New Faculty - Dr. Melynda Casement
Melynda Casement, PhD Appointed Assistant Professor of Psychiatry
Congratulations to Melynda Casement, PhD on her appointment to Assistant Professor of Psychiatry at the University of Pittsburgh School of Medicine.
Dr. Casement is a clinical scientist who studies the neurocognitive mechanisms by which stressful life events and insufficient sleep contribute to depression and other forms of psychopathology. Her research has focused on affective processing biases as a key neurocognitive mechanism of depression. She is driven to understand how these affective biases develop and how they can be remediated.
Dr. Casement completed her bachelor’s degree in Psychology at Mount Holyoke College (2002) and doctoral degree in Clinical Psychology and Biopsychology at the University of Michigan (2010). As a graduate student, Dr. Casement studied the contribution of sleep to affective memory bias in adult depressive disorders under the mentorship of Dr. Patricia Deldin. She then completed a postdoctoral research fellowship at the Boston VA where she studied sleep-based interventions for posttraumatic stress disorder. This training reinforced her appreciation for the additive and reciprocal contribution of stressful life events and insufficient sleep to affective problems.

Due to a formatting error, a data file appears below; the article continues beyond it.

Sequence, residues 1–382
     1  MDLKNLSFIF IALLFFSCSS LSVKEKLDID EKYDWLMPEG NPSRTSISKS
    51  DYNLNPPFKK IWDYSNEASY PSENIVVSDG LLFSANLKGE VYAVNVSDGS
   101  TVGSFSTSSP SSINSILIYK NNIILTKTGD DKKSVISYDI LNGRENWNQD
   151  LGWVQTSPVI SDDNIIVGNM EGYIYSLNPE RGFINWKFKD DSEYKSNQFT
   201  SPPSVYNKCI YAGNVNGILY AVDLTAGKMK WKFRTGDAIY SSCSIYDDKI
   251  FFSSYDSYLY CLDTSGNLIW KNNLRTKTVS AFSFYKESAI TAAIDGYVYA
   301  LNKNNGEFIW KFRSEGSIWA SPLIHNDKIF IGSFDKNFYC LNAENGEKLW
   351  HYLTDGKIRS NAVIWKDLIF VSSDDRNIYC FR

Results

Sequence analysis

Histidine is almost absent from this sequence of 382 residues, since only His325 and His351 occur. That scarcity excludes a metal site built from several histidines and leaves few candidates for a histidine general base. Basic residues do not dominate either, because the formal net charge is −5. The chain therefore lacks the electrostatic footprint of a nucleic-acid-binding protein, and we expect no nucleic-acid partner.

Dr. Casement became a Postdoctoral Associate at the University of Pittsburgh in 2012. Under the mentorship of Dr. Erika Forbes, she studied the associations between stressful life events, sleep, and neural reward processing in adolescents and early adults using data from two large and ongoing longitudinal studies, the Pittsburgh Mother and Child Project and the Pittsburgh Girls Study. This research provided a foundation for Dr. Casement’s current Career Development Award (K01) from the National Institute of Mental Health. Working closely with Drs. Erika Forbes and Martica Hall, Dr. Casement will test a neurodevelopmental model of depression in which stressful life events and insufficient sleep jointly disrupt neural reward processing in adolescent girls and thereby increase depression risk.
Dr. Casement has published in several peer-reviewed scientific journals including Social Cognitive and Affective Neuroscience, Sleep Medicine, and Clinical Psychology Review. She has also presented her work at professional meetings for the Sleep Research Society and the Society for Research on Child Psychopathology, and she is an active member of the Psychiatry Department’s Developmental Affective Science Collective (DASC) and Sleep and Chronobiology Center (SCC).
Please join us in welcoming Dr. Casement to our faculty!